letter

A letter to Watt (then Andrea Simkins) from a Taco Bell executive offering feedback on her team's idea.

The former interns say they don't want any money for their idea. But they're all pretty sure they're the first ones who came up with it.

Rob Poetsch, Taco Bell's director of public affairs and engagement, wrote in an email to The Huffington Post that regardless of the team members' claims, the Doritos Locos Taco was created, developed and brought to market by teams at Frito Lay and Taco Bell.

"Good ideas can come from anywhere, but an idea without execution does not make a successful product," he wrote. "The concept of making a taco shell out of Doritos may have come to people’s minds which is why we’ve had no shortage of those who have claimed it was their idea.”

Indeed, others have tried to take credit for the Doritos taco since its launch. A federal prison inmate sued Taco Bell last year, claiming he came up with the idea and that Taco Bell executives stole it.

And Todd Mills, an Arkansas dad who launched a Facebook campaign in 2009 asking Taco Bell to make a Doritos taco, was invited to taste it in early testing, according to USA Today. When Mills died last year, his friends honored him by posting pictures of themselves on Facebook eating the Doritos Locos Tacos. Though Taco Bell acknowledged Mills' support, he never saw any proceeds from the product.

Watt, Rader and a third team member, Roy Brown, all agree that their internship was a good experience. They were wined and dined and had access to Taco Bell food scientists, executives and trade secrets.

Those resources helped make their Doritos taco pitch more thorough than what they might have concocted on their own. The team figured out the logistics and cost of getting a specialty item at Taco Bell stores, they said. They looked into whether there might be a machine that could spray Doritos flavoring on tacos. They even came up with commercial concepts, including using 90’s heartthrob and "Friends" star Matthew Perry as a pitchman.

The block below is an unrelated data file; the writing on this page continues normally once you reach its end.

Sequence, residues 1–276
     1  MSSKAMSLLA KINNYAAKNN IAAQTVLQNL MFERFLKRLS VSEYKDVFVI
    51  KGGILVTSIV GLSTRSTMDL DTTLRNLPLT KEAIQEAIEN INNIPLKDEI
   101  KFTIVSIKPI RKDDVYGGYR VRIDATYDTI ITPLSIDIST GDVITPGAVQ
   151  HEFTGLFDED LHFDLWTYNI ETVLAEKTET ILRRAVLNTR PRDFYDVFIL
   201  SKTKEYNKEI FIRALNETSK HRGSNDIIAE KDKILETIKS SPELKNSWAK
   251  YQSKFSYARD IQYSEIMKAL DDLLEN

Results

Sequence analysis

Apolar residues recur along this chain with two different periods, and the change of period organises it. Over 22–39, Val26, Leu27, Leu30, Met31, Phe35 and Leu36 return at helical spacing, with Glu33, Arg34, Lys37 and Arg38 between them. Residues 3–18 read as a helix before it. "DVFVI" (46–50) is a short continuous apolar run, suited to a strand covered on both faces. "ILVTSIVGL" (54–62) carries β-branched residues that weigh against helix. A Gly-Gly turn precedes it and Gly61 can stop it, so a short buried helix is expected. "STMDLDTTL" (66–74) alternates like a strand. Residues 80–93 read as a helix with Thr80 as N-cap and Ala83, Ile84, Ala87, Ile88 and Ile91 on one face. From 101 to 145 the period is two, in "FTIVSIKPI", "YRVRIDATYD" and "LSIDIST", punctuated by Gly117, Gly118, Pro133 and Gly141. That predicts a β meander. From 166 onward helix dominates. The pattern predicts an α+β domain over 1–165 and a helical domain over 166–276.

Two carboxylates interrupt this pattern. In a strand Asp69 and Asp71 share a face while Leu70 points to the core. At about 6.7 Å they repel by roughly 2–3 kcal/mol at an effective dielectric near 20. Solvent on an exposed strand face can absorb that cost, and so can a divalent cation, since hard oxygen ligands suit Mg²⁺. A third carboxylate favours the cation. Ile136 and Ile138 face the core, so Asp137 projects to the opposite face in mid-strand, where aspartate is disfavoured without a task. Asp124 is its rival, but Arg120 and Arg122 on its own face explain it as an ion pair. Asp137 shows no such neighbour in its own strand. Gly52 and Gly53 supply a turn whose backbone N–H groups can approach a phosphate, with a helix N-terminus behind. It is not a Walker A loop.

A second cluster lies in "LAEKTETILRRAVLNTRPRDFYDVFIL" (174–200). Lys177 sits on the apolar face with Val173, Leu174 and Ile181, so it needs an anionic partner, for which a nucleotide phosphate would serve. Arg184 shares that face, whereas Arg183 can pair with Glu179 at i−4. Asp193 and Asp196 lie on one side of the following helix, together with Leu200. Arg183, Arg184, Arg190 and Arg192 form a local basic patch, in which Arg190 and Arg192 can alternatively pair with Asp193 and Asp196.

“It was a great internship,” Watt said. “We actually came up with a really great idea that was marketable. We all came away from the loss really disappointed.”

Brown agreed. “I remember being mad we didn’t win because I thought we had the best product,” he said.

Despite their idea, none of the three team members interviewed ended up pursuing a career in food. Brown lives in California and works as a TV writer, and Rader is an advertising copywriter and children’s book author (“nothing taco related,” he quipped). Watt worked for Bozell for a year after her internship, and she now works for a company that offers leadership and sales training to major corporations.

“[My job] is not directly related, but I think the internship was probably the moment where I realized I wanted to get into business,” Watt said.

Even though they were once Taco Bell insiders, none of the three eat there regularly. Still, they indulge every once in a while -- including eating Doritos Locos Tacos.

“I finally tried one after about a year and a half of them being out,” Rader said. “It was pretty good.”